If you go
What: Masterworks concert, with the Naples Philharmonic Orchestra, Rossen Milanov conducting; soloists Glenn Basham and Jessie Goebel
When: 8 p.m. today and Saturday, Jan. 19
Where: Philharmonic Center for the Arts, 5833 Pelican Bay Blvd., Naples
Tickets: $35 to $70; discounted rush tickets 6-7 p.m. at the box office
To buy: thephil.org or 239-57-1900
When Rachmaninoff is on the program, it’s worth standing in line to get tickets.
This weekend, with the Naples Philharmonic Orchestra playing and Rossen Milanov conducting the Rachmaninoff Symphony No. 2, it’s worth camping out.
If a snatch of melody doesn’t immediately come to mind, perhaps one of its most famously co-opted themes will: Eric Carmen’s 1976 hit, “Never Gonna Fall in Love Again.” It stayed in the Top Forty for nearly three months; even pop lovers can’t resist the Rach.
He proved irresistible again Thursday night at the Philharmonic Center, where Milanov led the orchestra in a well-defined, emotionally charged performance of Symphony No. 2. Luckily for music lovers there are performances through Saturday night, Jan. 19.
As beautiful as it is, this is a work full of pitfalls. There’s an extended, nervous tremolando from all the string sections in the first movement that could turn to auditory mush, but Milanov and the orchestra kept its energy stoked vividly. There is also a temptation to drench the famous Adagio theme in syrup — can we call that the Eric Carmen effect? — to which neither orchestra nor conductor succumbed.
Finally, nearly every section has to take turns rowing the ship as well as contributing solos. Thursday the solos included a beautiful poignant clarinet interlude from Paul Votapek and a sweet violin phrase from Glenn Basham.
The brass sections in particular, having just gotten a workout in the first movement, had to return again and again as a herald for the second. All of them did, models of clarity without sacrificing dynamics. Their partner was the orchestra’s percussion section, in top form Thursday night – expect a kettle drum lift from your seat in the second movement.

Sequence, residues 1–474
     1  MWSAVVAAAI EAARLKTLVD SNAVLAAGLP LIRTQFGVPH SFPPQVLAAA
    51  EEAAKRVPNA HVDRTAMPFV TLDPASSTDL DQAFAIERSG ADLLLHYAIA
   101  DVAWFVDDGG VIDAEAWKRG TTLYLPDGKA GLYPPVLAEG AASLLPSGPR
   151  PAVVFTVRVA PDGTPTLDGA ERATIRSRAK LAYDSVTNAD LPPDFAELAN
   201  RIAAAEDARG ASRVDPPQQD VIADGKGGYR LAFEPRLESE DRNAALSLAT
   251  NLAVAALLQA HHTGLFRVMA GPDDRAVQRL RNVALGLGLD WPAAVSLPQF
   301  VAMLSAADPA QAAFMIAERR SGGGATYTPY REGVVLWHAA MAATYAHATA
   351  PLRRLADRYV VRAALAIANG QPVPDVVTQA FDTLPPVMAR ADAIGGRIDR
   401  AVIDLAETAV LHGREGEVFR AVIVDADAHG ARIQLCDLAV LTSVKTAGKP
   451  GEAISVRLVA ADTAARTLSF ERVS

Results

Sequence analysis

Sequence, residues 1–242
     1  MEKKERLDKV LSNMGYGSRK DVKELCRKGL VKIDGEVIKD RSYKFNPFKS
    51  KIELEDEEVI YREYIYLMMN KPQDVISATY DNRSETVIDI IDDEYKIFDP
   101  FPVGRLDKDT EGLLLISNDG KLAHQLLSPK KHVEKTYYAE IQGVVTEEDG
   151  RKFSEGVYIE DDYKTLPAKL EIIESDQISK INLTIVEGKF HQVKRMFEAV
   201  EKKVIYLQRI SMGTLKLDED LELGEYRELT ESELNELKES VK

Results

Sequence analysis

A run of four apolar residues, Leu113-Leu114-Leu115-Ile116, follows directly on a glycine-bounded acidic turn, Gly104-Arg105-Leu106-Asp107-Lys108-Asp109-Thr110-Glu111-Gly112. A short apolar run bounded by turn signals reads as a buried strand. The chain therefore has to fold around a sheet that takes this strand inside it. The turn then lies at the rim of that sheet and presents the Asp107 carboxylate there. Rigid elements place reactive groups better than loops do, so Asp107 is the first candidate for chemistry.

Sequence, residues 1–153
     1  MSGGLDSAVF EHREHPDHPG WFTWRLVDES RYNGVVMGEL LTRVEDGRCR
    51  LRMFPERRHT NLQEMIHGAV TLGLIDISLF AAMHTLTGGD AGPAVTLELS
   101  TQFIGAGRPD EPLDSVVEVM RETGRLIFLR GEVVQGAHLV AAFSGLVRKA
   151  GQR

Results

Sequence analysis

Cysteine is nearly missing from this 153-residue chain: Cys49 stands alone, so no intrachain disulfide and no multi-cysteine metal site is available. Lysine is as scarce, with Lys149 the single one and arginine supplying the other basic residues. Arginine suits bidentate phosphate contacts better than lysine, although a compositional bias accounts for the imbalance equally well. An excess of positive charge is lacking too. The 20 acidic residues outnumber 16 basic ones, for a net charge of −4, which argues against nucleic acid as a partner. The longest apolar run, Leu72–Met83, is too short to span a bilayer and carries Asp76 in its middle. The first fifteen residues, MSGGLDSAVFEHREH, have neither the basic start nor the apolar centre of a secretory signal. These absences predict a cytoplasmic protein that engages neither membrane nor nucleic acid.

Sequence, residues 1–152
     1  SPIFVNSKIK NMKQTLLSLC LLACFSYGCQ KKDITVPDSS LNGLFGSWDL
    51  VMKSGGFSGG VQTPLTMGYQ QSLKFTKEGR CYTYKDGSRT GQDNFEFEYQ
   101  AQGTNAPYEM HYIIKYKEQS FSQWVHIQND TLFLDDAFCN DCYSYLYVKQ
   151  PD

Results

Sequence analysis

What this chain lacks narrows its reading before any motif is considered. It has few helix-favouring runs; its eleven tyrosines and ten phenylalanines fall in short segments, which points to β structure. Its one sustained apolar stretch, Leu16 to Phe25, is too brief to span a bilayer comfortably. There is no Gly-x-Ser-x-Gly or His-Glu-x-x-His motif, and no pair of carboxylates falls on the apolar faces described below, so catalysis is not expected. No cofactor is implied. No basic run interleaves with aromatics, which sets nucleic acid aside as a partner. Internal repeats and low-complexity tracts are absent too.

This orchestra has been without a music director since the Phil reopened its search under new CEO Kathleen van Bergen. No matter what our misgivings are on that, the guest conductors have brought in a rewarding element of boundary stretching for the musicians. The Bulgaria-born Milanov is expressive — even to an occasional bout of head frenzy during the Rachmaninoff — and commanding. He worked effectively with the orchestra to fine-tune volume and dynamics.
Even he, however, couldn’t quite save the Mozart Sinfonia Concertante that was the first half of this program. Thursday night, the work, with concertmaster Basham and Jessie Goebel, principal viola as soloists, never reached a comfort level for either them or, it seems, the audience.
The concertante has an unusual tweak. Because of its upper register interplay with the violin, the viola part was written for a key a half tone lower than the violin, and then brought up to the violin’s key by tightening the strings. Called scordatura, the result, ideally, is a viola with more of a violin’s brightness.
That didn’t seem apparent Thursday in the sound from Goebel’s instrument Thursday, and both soloists were occasionally grasplng for the right notes.
This wasn’t a bad performance; each offered some sublime moments of solo and combined phrasing. And the Milanov-led orchestra worked valiantly to bring out the brilliance in this work.
But there was a tension about it that only seemed to feed on itself.
We hope — in fact, we’re betting — it was a case of first-night jitters that will be gone by Saturday. At that point, the audience could have a tough time choosing which half it likes better.
Harriet Howard Heithaus writes about classical music and dance for the Naples Daily News.